Color, 1974, 83m.
Directed by Steve Carver
Starring Angie Dickinson, William Shatner, Tom Skerritt, Susan Sennett, Robbie Lee, Noble Willingham, Dick Miller

Color, 1987, 83m. / Directed by Jim Wynorski / Starring Angie Dickinson, Robert Culp, Danielle Brisebois, Julie McCullough, Jeff Yagher, Bruce Glover
Shout! Factory (US R1 NTSC) / WS (1.78:1) (16:9)

If ever a movie star was taken for granted, it's gotta be Angie Dickinson. A savvy blend of beauty, smarts, and toughness, she rose to the Hollywood A-list appearing almost exclusively in "guy" movies like Ocean's Eleven (opposite occasional flame Frank Sinatra), Sam Whiskey, the 1964 version of The Killers, and most memorably, Point Blank. Then in 1974 she took her most familiar role on TV as the star of the series Police Woman, an influential show that showcased the first really successful, modern solo female law enforcer. However, that same year she went much further out on a limb with a Big Bad Mama, a Depression-era ode to "hot lead, hot cars, hot damn!" with Angie taking the reins as Wilma McClatchie, a strong-willed widow who doesn't want her two daughters (Ozzie's Girl's Sennett and Switchblade Sisters' Lee) wasting their lives married off to poor farm trash. An unexpected twist of fate hands Wilma control of the family bootlegging operation, with the three ladies packing pistols to hold up banks to finance their business. Along the way Wilma hooks up with two very different men, a fellow robber named Fred (a very boyish Skerritt) and a wandering con man, William Baxter (Shatner, taking a break from the Star Trek cartoon). At first the band of merry thieves gets along well enough, but when you're robbing people blind on America's open roads, your luck has to run out sooner or later.

On paper, Big Bad Mama could have easily been a forgettable quickie. Producer Roger Corman was still in the honeymoon phase of his solo company, New World Productions, after leaving a long tenure American-International Pictures, and here he handed directing chores to Steve Carver, a Corman apprentice fresh off his first feature, the Italian-lensed The Arena. The craze of Depression crime films was also starting to sputter out a bit by this point after the major success of Bonnie and Clyde, with AIP chiming in much earlier with its own imitation, 1970's Bloody Mama. However, Big Bad Mama turned out to be a huge drive-in hit thanks to one very smart move: casting Dickinson in the lead. Her snappy line delivery, enthusiastic action scenes, and surprising nude scenes (which remain incredibly popular with the Mr. Skin crowd) give the film a strong, charismatic core that holds it all together. Carver also proved himself more than up to the task, revealing a respect and affinity for the period setting that also proved him well with his next Corman-produced feature, Capone. Sharp, slick cinematography by Bruce Logan (who went on to Tron, Jackson County Jail, and, uh, Dracula's Dog) keeps the visuals dynamic as well, and the supporting cast features a slew of favorites like Dick Miller, Alice Sweet Alice's Tom Signorelli, a very young Sally Kirkland, The Howling's Noble Willingham, and even a cameo by second unit director Paul Bartel before his big break with Death Race 2000. Surprisingly, the two daughters (including squeaky-clean TV girl Sennett) bare some skin, too, which ensured this would remain a cable favorite well throughout the '80s; however, even beyond the basic exploitation elements, this is a rousing good time and one of Corman's best films from his wild '70s period.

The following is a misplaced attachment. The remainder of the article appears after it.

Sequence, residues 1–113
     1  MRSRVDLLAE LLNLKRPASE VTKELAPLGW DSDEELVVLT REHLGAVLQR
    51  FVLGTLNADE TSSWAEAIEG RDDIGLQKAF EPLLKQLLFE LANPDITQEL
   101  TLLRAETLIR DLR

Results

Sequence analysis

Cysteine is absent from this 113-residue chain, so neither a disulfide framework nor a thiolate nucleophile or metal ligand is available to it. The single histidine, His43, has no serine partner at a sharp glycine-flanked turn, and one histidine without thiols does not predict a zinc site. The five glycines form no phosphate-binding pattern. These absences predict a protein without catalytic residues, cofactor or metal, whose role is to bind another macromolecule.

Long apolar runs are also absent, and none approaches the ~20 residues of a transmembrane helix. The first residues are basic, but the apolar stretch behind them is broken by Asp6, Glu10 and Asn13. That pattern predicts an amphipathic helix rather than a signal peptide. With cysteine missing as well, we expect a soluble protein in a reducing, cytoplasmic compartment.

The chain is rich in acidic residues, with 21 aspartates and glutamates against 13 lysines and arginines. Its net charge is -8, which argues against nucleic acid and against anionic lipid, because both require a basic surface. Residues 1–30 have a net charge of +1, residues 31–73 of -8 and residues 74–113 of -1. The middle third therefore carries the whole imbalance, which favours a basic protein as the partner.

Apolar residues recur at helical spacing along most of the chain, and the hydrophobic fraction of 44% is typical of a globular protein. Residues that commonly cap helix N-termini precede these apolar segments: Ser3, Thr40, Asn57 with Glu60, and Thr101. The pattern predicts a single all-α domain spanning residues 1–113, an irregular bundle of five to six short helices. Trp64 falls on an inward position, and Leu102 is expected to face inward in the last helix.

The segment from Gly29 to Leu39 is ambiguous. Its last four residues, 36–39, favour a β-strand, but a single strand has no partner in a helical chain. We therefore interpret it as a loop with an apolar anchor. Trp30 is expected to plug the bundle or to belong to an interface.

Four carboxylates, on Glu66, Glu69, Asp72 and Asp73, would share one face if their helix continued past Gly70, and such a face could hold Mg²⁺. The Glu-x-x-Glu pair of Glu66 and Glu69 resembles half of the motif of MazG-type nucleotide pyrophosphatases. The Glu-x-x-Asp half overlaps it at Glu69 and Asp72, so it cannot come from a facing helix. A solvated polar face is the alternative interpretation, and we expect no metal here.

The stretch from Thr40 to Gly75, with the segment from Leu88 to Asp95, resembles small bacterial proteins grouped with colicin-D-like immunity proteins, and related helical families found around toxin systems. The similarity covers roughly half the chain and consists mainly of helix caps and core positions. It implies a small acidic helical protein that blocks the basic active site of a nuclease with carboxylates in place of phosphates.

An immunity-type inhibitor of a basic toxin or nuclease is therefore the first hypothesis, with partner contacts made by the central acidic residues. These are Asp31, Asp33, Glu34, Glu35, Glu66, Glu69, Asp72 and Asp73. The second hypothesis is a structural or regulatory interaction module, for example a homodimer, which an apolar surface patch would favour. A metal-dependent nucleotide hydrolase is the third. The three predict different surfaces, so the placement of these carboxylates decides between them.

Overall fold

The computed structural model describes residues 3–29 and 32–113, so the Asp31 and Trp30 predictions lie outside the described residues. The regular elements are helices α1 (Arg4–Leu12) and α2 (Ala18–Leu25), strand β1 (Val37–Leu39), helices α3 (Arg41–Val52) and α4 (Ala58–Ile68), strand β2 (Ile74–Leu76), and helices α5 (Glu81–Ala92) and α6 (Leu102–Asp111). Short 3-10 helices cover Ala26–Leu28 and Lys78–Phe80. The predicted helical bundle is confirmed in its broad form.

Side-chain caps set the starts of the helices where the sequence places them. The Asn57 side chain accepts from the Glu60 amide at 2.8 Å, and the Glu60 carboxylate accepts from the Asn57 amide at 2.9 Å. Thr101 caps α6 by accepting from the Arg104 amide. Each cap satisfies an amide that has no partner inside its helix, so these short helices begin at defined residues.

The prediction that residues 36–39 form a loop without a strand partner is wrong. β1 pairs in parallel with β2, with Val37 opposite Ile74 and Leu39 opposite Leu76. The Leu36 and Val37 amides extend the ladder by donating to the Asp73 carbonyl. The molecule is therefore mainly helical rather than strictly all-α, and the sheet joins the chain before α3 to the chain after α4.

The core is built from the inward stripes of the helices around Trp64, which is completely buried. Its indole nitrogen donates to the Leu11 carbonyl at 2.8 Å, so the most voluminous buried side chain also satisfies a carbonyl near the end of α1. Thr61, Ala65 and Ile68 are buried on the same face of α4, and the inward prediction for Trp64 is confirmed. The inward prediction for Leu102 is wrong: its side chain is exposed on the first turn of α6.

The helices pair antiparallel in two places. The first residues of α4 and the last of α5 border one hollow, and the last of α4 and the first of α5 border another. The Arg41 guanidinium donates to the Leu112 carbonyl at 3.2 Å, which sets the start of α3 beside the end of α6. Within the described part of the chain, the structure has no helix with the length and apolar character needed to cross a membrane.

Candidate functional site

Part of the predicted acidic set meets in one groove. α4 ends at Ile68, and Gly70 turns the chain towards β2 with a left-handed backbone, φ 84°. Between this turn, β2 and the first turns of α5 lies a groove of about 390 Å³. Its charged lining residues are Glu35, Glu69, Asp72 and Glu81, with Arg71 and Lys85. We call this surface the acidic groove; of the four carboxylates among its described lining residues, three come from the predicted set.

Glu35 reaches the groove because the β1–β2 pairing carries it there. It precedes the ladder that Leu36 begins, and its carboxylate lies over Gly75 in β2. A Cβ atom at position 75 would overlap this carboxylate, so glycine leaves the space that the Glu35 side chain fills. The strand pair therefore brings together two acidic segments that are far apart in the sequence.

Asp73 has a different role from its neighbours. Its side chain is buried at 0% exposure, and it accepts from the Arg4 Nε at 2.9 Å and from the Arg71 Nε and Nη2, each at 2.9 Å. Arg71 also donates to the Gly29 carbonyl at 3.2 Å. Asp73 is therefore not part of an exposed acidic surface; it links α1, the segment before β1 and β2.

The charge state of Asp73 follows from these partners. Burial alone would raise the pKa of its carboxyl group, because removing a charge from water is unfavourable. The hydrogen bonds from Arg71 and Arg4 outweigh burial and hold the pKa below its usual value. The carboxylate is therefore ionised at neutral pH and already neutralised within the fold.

Big Bad Mama first appeared on DVD directly from Corman's New Horizons label in a very unimpressive full frame transfer that ruined the original compositions by removing the original matted framing, exposing huge chunks of bare space on the top and bottom of the frame that threw almost every shot out of whack. It was also taken from a dated master probably going back to the early '80s and didn't look much better than a VHS tape. At least it included a Corman interview with Leonard Maltin (a staple of most of his DVDs during the format's early days) and a trailer. Later Corman struck a deal with Disney that seemed promising at first but quickly turned into an exercise in frustration; mostly old masters were rehashed again, and the title choices were often confounding and wildly overpriced. A special edition of Big Bad Mama (featuring a terrible cover, not to mention artwork from the sequel instead of this film) rehashed the same transfer and dropped the Maltin interview, replacing it with a terrific 15-minute featurette, "Mama Knows Best" (with Dickinson, Carver, Corman, writers Francis Deal and William Norton, and even a briefly seen Shatner), and a somewhat superficial but very entertaining audio commentary with Dickinson and Corman. Fortunately the star remains very proud of the film and seems to have a ball watching it again, enthusing about many of the locations and little thespian touches while taking her more exposed scenes in good stride ("Here's the scene they copied over in all those magazines," she notes during her big moment near the end). Corman mainly sticks to talking about the nuts and bolts of the production (especially giving histories of the frequently recycled vehicles and frugal location scouting), and the two of them seem to get on very well together.